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As a follow up to Is saving passwords in Chrome as safe as using LastPass if you leave it signed in?, I would like to know how firefox's password manager compares, if you have a master password and also how secure is their sync feature

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The behaviour of the Firefox password manager was just mentioned in a blog post: blog.mozilla.org/dolske/2013/08/20/on-firefoxs-password-manager –  JoltColaOfEvil Aug 21 '13 at 23:13

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Firefox's Sync is a locally AES-256-CBC encrypted database of your stuff (which can include passwords), stored on Mozilla's servers. The key does not leave your browser. But it can be found in every browser you Sync with.

The Sync key is stored locally in your passwords. If you don't have a Firefox Master Password, it's not encrypted on your machine. If you use a Master Password, the Sync key is unencrypted from the moment you enter it into Firefox.

The Sync key is available from your browser. Go to Options/Firefox Sync, click the "Manage Account" tool, pick "My recovery key", and it will produce a printable version of your key. You can type the user's email address and that key into any other instance of Firefox and you will be included in Syncing, and have therefore have full visibility into all Synced passwords.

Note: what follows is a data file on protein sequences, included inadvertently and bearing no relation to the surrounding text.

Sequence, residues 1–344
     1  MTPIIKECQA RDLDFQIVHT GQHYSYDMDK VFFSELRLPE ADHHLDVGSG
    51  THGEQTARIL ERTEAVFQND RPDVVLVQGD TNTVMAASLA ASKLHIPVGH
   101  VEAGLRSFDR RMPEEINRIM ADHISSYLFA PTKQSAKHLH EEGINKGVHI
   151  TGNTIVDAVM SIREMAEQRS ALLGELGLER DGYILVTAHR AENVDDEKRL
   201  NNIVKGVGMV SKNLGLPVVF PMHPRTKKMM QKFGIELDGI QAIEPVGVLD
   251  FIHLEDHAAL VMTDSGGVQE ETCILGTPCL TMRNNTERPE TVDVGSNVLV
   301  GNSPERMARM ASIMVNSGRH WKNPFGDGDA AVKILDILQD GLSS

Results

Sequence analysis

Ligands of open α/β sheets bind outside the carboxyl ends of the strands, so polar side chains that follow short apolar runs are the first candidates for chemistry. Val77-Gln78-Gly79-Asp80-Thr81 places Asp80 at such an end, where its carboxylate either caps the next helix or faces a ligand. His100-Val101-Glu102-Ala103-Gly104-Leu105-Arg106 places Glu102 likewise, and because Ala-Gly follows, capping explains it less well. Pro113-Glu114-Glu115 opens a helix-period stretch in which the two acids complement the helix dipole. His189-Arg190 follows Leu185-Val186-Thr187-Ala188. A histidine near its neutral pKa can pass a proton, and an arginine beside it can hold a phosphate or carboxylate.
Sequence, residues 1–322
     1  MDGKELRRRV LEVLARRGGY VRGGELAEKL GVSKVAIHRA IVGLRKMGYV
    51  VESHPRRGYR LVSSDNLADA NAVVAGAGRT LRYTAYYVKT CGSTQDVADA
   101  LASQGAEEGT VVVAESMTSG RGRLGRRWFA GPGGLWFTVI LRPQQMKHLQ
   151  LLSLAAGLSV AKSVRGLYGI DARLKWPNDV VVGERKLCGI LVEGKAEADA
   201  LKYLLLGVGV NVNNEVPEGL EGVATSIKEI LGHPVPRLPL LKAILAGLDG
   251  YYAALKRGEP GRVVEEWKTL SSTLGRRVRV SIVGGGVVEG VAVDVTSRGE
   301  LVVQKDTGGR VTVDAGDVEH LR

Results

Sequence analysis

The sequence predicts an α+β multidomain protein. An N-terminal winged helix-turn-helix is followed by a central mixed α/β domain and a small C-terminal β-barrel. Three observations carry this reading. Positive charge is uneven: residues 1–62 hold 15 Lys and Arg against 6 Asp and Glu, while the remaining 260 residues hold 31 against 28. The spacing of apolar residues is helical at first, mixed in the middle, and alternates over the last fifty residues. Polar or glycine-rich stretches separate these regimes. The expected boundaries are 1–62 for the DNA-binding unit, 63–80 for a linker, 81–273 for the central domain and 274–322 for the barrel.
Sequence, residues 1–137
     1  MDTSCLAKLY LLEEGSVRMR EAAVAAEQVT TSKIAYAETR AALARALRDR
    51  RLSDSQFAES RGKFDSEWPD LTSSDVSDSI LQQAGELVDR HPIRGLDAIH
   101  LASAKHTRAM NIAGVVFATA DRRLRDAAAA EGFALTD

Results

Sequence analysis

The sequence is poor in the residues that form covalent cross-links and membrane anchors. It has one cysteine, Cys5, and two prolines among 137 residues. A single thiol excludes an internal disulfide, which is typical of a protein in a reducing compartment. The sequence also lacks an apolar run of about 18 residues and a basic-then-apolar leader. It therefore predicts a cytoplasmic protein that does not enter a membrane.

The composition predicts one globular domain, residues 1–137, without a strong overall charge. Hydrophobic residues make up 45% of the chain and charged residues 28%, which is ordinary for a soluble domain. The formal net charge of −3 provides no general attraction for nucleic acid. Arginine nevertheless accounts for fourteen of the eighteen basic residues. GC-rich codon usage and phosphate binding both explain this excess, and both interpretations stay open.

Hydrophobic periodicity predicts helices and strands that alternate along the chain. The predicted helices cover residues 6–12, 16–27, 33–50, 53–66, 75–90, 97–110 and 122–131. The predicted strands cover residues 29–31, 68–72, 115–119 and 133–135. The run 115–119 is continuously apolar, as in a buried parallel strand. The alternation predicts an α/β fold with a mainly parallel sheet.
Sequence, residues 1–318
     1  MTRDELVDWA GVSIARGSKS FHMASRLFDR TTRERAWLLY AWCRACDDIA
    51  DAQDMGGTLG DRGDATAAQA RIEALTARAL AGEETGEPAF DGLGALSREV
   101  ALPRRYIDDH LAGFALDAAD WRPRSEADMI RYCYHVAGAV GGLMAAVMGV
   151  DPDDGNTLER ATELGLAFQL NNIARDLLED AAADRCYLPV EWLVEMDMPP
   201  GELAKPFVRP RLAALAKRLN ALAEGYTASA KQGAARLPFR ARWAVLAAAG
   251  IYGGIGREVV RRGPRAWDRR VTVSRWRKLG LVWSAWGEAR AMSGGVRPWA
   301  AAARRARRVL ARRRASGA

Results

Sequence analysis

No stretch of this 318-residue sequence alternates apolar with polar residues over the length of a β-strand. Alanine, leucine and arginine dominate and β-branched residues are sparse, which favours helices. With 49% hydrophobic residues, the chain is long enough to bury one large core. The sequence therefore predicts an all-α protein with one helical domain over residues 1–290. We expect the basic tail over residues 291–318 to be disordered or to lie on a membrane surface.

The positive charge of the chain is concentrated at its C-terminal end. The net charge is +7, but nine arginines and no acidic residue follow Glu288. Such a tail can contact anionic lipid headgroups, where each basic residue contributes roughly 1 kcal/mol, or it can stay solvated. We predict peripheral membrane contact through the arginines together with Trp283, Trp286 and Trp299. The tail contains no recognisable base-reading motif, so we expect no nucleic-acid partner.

Just like a logged-in Lastpass client, and just like Chrome, the security of the data relies on the user to deny access to parties that might compromise their password. Anyone's email account is practically a given, so all secrecy lies in that key. Do you Sync to your cell phone? Might want to think twice if you're prone to losing phones. Do you lock your desktop every time you step away from it? Perhaps it's time to get into that habit.

There is no extra magic Firefox can apply. Convenient tools that save passwords expose you to extra risk, regardless of who makes them or who gives them away. It's up to you to determine if the convenience is worth that extra risk.

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So the availability of the recovery key only on the local machines is a difference with google chrome. Great answer!! It was what I was looking for.Could you update your answer with the type of encryption firefox uses? Is it only the default NTFS filesystem encryption? –  jogabonito Aug 27 '13 at 17:20

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